- The Washington Times - Thursday, January 14, 2010


Senator: U.S. should mull Yemen strikes

A Senate chairman said Wednesday that the U.S. should consider air strikes, armed drones and clandestine operations in Yemen to defeat an emboldened al Qaeda force there.

The remark by Democratic Sen. Carl Levin of Michigan, who chairs the Senate Armed Services Committee, is a rare public admission by a senior U.S. official that direct U.S. military action in Yemen is possible in coming months.

The U.S. was involved in at least one air strike in December that missed a key al Qaeda leader but killed others. Such operations are highly classified and closely guarded by Yemeni authorities, who fear that a visible American role in the country will prompt an internal conflict.

Short of a ground invasion, “we ought to consider a broad range of options in Yemen because the broad-ranging threat of al Qaeda,” Mr. Levin told reporters after a three-day trip to Afghanistan and Pakistan.


House vote rebukes Sanford

COLUMBIA, S.C. | South Carolina state representatives formally reprimanded Gov. Mark Sanford on Wednesday for secret trips to see his Argentine mistress and improper use of state aircraft.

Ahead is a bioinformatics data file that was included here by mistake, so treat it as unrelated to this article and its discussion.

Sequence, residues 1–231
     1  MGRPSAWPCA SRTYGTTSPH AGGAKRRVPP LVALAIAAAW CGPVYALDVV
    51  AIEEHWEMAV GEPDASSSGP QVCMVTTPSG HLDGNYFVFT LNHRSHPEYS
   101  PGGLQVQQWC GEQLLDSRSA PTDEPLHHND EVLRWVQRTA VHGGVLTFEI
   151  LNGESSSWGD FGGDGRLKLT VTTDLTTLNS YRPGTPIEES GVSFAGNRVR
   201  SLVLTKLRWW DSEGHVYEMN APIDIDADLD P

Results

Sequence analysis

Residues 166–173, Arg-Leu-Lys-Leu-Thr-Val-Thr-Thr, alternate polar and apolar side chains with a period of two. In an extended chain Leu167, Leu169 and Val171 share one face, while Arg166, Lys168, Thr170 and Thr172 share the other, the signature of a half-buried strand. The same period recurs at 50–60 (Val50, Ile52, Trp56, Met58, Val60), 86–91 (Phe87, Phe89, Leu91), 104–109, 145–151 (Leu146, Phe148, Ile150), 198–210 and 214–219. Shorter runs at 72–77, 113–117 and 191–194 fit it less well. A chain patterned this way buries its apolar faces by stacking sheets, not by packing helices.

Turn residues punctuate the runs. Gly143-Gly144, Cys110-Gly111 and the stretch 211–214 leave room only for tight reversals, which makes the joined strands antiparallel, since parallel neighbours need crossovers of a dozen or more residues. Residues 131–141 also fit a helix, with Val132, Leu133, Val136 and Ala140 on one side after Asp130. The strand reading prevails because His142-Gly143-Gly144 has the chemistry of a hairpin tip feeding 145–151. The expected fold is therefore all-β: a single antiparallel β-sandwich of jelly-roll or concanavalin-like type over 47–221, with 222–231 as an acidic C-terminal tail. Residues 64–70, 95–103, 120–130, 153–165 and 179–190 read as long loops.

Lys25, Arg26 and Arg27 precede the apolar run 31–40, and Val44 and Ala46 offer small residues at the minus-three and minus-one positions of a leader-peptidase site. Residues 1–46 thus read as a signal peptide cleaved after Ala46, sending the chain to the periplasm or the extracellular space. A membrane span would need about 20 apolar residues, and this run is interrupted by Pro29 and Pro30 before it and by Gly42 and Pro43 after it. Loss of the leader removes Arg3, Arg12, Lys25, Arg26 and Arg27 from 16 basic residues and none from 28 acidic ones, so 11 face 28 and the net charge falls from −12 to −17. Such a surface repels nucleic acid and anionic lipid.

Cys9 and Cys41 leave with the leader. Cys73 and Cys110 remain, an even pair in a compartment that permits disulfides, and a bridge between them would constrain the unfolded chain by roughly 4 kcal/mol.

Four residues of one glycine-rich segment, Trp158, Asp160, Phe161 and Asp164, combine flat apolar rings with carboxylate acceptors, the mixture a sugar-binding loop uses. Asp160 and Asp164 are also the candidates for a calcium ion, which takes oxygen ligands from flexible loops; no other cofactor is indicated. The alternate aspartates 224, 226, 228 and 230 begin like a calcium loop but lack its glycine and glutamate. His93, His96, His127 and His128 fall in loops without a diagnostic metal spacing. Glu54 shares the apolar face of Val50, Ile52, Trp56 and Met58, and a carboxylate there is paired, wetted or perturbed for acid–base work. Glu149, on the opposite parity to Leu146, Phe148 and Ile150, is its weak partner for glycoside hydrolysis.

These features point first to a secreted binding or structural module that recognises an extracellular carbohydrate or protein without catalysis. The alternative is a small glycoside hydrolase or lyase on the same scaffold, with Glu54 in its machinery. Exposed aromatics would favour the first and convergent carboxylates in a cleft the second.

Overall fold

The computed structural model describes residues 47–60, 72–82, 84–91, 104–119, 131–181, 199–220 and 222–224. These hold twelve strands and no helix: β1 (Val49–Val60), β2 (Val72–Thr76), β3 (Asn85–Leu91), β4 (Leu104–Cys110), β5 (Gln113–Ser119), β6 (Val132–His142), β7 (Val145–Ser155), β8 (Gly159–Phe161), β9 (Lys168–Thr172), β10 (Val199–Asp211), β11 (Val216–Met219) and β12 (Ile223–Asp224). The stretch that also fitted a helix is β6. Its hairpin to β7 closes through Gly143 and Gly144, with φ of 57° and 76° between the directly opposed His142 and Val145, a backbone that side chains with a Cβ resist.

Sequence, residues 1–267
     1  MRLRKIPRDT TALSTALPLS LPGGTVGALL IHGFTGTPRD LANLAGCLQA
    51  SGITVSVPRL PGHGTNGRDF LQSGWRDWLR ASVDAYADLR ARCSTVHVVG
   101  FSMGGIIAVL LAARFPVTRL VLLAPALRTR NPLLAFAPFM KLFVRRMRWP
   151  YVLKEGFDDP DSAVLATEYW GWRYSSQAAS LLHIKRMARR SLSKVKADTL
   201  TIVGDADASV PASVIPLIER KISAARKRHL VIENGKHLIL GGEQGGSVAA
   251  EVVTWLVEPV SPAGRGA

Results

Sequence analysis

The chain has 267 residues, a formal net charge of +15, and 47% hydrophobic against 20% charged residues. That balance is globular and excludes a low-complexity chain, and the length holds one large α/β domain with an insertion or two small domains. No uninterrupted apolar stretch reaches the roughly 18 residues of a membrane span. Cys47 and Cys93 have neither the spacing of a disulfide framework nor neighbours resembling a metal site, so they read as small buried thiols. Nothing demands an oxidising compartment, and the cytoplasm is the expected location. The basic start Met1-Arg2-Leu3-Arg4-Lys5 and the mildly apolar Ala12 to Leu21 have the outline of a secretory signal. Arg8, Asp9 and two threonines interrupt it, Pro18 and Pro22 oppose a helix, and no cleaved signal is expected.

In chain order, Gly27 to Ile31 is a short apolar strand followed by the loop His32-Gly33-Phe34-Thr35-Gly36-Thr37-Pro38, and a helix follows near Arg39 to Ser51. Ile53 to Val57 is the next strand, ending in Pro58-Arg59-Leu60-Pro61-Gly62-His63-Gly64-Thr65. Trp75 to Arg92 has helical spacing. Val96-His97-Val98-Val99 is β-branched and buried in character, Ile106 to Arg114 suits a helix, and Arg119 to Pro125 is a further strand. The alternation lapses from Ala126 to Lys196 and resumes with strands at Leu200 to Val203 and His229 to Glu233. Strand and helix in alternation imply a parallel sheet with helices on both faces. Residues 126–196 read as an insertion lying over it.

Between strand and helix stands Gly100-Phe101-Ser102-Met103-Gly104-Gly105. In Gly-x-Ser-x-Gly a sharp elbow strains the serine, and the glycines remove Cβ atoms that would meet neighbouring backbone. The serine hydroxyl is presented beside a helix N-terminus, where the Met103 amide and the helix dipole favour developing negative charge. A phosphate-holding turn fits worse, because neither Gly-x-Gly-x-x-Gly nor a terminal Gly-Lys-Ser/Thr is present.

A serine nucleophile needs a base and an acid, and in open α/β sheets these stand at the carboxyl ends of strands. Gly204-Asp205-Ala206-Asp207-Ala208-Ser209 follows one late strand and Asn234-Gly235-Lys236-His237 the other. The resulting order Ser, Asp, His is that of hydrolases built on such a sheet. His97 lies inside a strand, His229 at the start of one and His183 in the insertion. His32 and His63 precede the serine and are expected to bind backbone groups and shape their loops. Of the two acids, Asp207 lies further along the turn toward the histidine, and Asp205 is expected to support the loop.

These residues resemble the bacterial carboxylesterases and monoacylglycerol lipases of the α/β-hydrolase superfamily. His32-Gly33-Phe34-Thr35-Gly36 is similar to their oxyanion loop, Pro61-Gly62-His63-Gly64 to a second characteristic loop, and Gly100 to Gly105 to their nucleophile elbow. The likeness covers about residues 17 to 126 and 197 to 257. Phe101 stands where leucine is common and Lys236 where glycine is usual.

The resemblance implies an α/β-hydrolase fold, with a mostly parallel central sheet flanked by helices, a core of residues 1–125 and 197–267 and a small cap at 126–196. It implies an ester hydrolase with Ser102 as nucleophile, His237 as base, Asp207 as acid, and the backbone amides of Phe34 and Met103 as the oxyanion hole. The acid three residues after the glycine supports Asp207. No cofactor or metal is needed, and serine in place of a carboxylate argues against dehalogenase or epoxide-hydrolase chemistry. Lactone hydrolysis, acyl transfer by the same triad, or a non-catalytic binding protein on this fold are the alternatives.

The lawmakers voted 102-11 to censure Mr. Sanford for bringing “ridicule, dishonor, disgrace and shame” to himself and the state. The rebuke says the two-term Republican was derelict in his duty and abused his power.

It has no practical effect on the final year of Mr. Sanford’s tenure. State law prevents him from running again.

Before the vote, Mr. Sanford said he wouldn’t attend the session or watch and would have no comment. “It is what it is,” Mr. Sanford said.

Mr. Sanford has been under scrutiny since his June revelation of an affair that included a trip to see a woman after telling staff he was going to hike on the Appalachian Trail. He still faces civil ethics charges over travel on state planes.

The censure requires state Senate approval for passage.


Broker rules to curb disruption proposed

Federal regulators Wednesday proposed new requirements for brokerage firms aimed at reining in risk from their trading customers who get split-second access to markets to buy or sell stocks.

The Securities and Exchange Commission voted 5-0 to open the proposal for public comment for 60 days.